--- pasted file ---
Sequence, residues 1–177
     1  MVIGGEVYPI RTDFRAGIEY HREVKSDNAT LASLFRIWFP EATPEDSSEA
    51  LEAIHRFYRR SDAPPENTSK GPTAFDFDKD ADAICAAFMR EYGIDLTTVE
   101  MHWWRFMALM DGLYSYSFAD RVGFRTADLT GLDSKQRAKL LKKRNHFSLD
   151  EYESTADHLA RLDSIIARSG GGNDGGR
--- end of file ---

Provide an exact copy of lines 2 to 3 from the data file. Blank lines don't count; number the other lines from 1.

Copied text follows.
     1  MVIGGEVYPI RTDFRAGIEY HREVKSDNAT LASLFRIWFP EATPEDSSEA
    51  LEAIHRFYRR SDAPPENTSK GPTAFDFDKD ADAICAAFMR EYGIDLTTVE